“Worried about DSC fees? Find out how to make 5%+ at the grid and not have to lock the client in!”

Intrigued? So was a Toronto advisor, who received this message from his managing general agent.

The answer was a life insurance-style chargeback schedule for segregated funds. If the client exited the fund within a fixed period, the advisor would have to repay the commission earned at time of sale—instead of the client being dinged with deferred sales charges.

On the face of it, that’s an improvement. The advisor gets compensated for the upfront work required to place the funds and, in theory, the threat of a chargeback keeps the advisor providing service for at least the next few years.

Win-win, right? Not so fast.

Advisors we talked to lauded the structure for freeing the client from undue exit restrictions. But some pointed out the advisor penalty could create another conflict.

“While the arrangement gets the investor off the hook for DSC charges, the benefit may be superficial, since this arrangement creates a powerful incentive for the advisor to keep the investor in the fund, even if it has ceased being optimal or suitable,” says investor advocate Neil Gross, president of Component Strategies Consulting.

Great advisors don’t intend to let compensation influence what they sell. Studies have shown, however, that loss aversion can be up to twice as powerful as the desire to gain. Lest you think yourself immune, researchers have found loss aversion to affect undergraduate students, pro golfers, foreign policymakers and capuchin monkeys. At the very least, the chargeback structure would be ill-suited to advisors who can’t stand to lose money.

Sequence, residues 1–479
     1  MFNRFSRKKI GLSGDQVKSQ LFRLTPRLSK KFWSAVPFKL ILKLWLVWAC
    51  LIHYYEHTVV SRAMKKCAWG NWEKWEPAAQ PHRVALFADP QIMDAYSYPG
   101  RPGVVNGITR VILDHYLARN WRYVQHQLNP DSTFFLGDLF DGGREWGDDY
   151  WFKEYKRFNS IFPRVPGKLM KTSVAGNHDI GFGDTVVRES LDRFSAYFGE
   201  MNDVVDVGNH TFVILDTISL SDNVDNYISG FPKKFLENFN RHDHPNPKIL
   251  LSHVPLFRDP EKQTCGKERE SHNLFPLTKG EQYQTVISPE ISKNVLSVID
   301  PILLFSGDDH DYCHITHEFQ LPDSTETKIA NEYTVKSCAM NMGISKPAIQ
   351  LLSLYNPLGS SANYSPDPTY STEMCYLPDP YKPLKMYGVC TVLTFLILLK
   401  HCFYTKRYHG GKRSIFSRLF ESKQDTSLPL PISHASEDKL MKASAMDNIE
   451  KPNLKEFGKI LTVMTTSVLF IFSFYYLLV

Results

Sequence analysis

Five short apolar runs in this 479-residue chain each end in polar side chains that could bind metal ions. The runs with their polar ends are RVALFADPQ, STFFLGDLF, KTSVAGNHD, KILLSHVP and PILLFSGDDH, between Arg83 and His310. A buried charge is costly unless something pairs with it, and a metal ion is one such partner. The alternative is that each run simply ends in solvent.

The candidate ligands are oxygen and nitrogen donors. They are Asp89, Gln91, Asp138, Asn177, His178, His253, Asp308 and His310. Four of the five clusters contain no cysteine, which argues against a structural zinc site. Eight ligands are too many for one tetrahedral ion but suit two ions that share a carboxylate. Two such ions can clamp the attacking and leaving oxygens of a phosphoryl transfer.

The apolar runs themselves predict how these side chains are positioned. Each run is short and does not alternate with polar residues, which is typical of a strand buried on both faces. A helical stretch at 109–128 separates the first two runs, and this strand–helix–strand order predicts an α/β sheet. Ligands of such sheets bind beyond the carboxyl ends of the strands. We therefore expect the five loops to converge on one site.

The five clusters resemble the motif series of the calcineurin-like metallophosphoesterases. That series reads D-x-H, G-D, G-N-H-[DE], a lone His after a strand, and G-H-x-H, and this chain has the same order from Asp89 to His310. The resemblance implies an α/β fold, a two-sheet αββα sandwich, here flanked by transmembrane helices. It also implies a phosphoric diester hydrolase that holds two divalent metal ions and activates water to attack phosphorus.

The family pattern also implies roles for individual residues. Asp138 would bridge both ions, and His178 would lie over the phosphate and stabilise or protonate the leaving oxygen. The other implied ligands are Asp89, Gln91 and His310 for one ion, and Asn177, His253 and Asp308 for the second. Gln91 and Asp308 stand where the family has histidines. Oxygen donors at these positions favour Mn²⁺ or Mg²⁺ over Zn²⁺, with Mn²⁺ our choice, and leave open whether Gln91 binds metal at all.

As CSA says in Consultation Paper 33-404 (which doesn’t apply to seg funds or insurance licensees): “When deciding how to respond to a conflict of interest involving clients, only avoidance or controls (but not disclosure alone in most cases) are responses that […] can be fully effective.”

One company offering the product concedes it isn’t for everyone. A rep told me an advisor “would need to choose” which clients would be suited. “The main objective was to allow the client [to not have] redemption fees if he left. The advisor is taking the risk.”

That’s fair. But most common retail structures allow clients to redeem funds without undue charges. They just tend to pay out less up front—and there’s the rub.

Every structure is vulnerable to conflicts—advisors paid by the hour can drag out a meeting; flat-fee advisors can rush through planning. But it’s embedded commissions that have drawn the ire of regulators, and for good reason. A chargeback schedule is an improvement to DSC, but a marginal one, as advisors may be loath to recommend an exit, even if it’s the right thing to do. And, since seg funds don’t fall under CRM2, clients may never know about that perverse incentive.

Advisors must be paid fairly for their work. But minimizing one conflict while creating another isn’t a solution.